Central Freeway Parcel T

With the development team and concept design for the building to rise on the slender former Central Freeway Parcel T – fronting Octavia Boulevard between Page and Rose – having been selected by the City earlier this year, the project’s Planning Department review is now officially underway.

Central Freeway Parcel T Rendering

Designed by Edmonds + Lee Architects, the modern building will rise five stories with 26 condos – a mix of studios, one-bedrooms, and twos – over a ground floor retail space and underground “storage” for 13 cars (including 6 spaces dedicated for car sharing to mitigate the loss of the existing car sharing spaces on the site).

And once again, the retail space will stretch the width of the block and has been “designed for a future community beer hall concept,” perhaps to mitigate the inevitable loss of a certain biergarten space down the Boulevard on Parcel L.

Central Freeway Parcel T Rendering: Retail

From the architects with respect to the design:

For the facade treatment, our [design] directly references the tradition of the Victorian Bay Window, however, rather than simply replicate the prescribed geometry, our proposal…is of an abstracted composition of three-dimensional, articulated bays that use depth and repetition to provide visual interest.

And from the Planning Department’s preliminary review:

The Planning Department is generally supportive of the proposed project architectural idea and expression but recommends further explorations of the mid-block shift of pattern, the use of the projections as balconies, and the compliance of the projections as bay windows. The Planning Department would like the sponsor to further explain or consider how the views to Patricia’s Green and sunlight orientation can adjust the angles of both the glazing and wall portals.

Linden Partners, a joint venture of DDG and DM Development and the development team behind 8 Octavia400 Grove and 450 Hayes, is aiming to have the Hayes Valley Parcel T project ready for occupancy in 2017.

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Comments from “Plugged-In” Readers

  1. Posted by sassyboyfrisco

    Nice…now let’s build ALL the other vacant lots along Octavia!

    • Posted by steve

      Would be easier to do that if we could get the Planning Commission to stop micromanaging things like bay windows.

  2. Posted by paul hwang

    Kind of looks like Yerba Buena Lofts.

  3. Posted by Arefugee

    Looks somewhat mid-century to me.

    • Posted by Serge

      That it does and it looks quite nice. Stands out in a sea of dull design these days.

  4. Posted by jsimms3

    “The compliance of the projections as bay windows”??

    Wow.

    “The Planning Department would like the sponsor to further explain or consider how the views to Patricia’s Green and sunlight orientation can adjust the angles of both the glazing and wall portals.”

    Generally the planning dept is less offensive than the Supes, etc. But this sounds like they are all up in the architect’s/developer’s a**.

    Sad about the biergarten – the kind of thing that makes SF (and this neighborhood) so unique and desirable (along with Smitten’s and the other I guess temporary installations). Hoping all of that gets incorporated back into the neighborhood somehow.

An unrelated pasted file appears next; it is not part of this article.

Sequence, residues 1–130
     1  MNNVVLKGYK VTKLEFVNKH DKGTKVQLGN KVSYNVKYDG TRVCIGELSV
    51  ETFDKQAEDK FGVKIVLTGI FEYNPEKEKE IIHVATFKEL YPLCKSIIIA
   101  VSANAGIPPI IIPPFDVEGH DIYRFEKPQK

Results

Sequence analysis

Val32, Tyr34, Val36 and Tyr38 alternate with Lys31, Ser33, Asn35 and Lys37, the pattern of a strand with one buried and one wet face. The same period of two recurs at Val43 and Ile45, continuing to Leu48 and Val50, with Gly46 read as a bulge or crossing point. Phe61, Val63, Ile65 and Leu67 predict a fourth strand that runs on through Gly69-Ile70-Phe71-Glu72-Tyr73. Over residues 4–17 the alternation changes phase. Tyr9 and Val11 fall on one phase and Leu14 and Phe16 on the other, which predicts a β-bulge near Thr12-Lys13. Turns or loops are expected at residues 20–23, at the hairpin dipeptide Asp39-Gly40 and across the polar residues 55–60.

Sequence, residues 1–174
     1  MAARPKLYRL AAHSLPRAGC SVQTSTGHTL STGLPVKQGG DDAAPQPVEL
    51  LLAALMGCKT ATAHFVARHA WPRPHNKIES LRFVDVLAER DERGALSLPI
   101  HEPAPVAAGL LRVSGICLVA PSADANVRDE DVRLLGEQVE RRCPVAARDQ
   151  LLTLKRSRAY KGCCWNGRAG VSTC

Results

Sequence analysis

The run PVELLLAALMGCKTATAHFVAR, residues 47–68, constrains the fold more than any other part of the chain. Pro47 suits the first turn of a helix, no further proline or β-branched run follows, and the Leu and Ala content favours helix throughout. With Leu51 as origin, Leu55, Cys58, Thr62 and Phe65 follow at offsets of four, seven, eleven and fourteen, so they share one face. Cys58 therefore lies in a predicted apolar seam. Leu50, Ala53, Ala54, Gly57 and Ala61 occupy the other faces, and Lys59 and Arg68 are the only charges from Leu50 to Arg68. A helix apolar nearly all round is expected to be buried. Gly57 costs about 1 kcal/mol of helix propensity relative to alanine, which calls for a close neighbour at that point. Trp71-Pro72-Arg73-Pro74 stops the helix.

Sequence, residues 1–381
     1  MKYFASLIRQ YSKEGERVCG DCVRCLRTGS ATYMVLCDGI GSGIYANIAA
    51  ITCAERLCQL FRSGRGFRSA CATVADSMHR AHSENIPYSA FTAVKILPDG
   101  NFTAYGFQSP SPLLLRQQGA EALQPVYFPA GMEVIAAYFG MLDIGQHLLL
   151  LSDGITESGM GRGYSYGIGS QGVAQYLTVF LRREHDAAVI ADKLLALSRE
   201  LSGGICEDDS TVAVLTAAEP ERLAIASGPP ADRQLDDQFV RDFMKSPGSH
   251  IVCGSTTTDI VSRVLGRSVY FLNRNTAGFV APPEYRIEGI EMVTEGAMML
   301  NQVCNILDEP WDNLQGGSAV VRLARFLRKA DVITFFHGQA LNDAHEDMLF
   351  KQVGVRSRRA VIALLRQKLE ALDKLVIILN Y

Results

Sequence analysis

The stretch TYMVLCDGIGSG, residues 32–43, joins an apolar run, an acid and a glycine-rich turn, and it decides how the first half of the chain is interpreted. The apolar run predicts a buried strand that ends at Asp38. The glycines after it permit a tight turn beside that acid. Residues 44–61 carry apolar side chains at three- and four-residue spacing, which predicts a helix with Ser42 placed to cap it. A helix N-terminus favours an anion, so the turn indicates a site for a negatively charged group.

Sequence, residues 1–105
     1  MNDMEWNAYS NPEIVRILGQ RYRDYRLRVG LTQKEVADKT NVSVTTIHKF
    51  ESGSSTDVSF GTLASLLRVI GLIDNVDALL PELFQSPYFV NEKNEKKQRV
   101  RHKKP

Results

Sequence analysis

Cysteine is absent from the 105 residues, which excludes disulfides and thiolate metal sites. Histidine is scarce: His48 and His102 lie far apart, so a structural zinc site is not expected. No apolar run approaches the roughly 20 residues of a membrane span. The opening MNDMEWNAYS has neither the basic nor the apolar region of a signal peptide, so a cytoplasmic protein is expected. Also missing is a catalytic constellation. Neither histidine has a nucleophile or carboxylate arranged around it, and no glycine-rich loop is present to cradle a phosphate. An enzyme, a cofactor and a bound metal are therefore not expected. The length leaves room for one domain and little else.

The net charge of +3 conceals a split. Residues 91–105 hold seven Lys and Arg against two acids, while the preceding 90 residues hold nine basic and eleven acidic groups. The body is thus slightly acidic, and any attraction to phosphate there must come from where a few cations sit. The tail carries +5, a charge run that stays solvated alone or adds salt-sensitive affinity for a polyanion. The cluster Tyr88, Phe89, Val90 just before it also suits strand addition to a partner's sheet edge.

• Posted by NoeNeighbor

      If these “projections” comply as bay windows, then that is a meaningless standard. There is nothing at all bay window like at all about those windows/projections. I don’t think that bay windows should be required here, but it silly to say they are required and then allow something that clearly isn’t a bay window.

      • Posted by Comment

        Not sure that it is so clear it is not a “bay” window. It looks like a bay window to me, not a Victorian one, but still a bay window.

    • Posted by morpheus

      It might be helpful to clarify that “bay windows” in this case means that they’re hanging over the property line. That’s why Planning gets to restrict the design so much. If you stay on your own property (and loose the square footage), you get a lot more leeway with the elevations.

      • Posted by James

        It looks like the windows are angled but not actually projected out. The projecting bays are more like inaccessible balconies or simply dramatic decorative frames.

  5. Posted by Ham

    Wow, this will only have 7 parking spaces for tenants.
    How do developments like this with limited parking work? Is it first come first served? Or are the spaces auctioned off to the highest bidder? Is the parking space permanently attached to that unit number, or can the owner sell the parking space or the unit separately?

  6. Posted by Jackson

    Does the use of the word “storage” regarding car parking mean this project will be using stackers instead of individual spaces?

    • Posted by BobN

      Perhaps is means that residents will have to crush and grind their cars into metal shavings and store them in urns on their fake-fireplace mantels.

  7. Posted by Beatrice Plotter

    No, it means tenants will have to carry their Smartcars up to their own units. Bay windows in SF are great because they take advantage of the free airspace. In Amsterdam, building owners used to get taxed based on the frontage of their buildings. So, the owners wised up and decided to build narrow buildings which are set deep.

    • Posted by sfw

      You will also notice that old buildings in Amesterdam lean outward toward the street the higher up the are. The footprints on the top floors are higher than the bottom floors, since only the land space was taxed.

  8. Posted by inmycountry

    Great. Such a relief from that collagesque aesthetic you see everywhere these days…where building facades are composed of a patch work of multiple meaningless materials. Look forward to seeing this built!

  9. Posted by Mike

    looks great!

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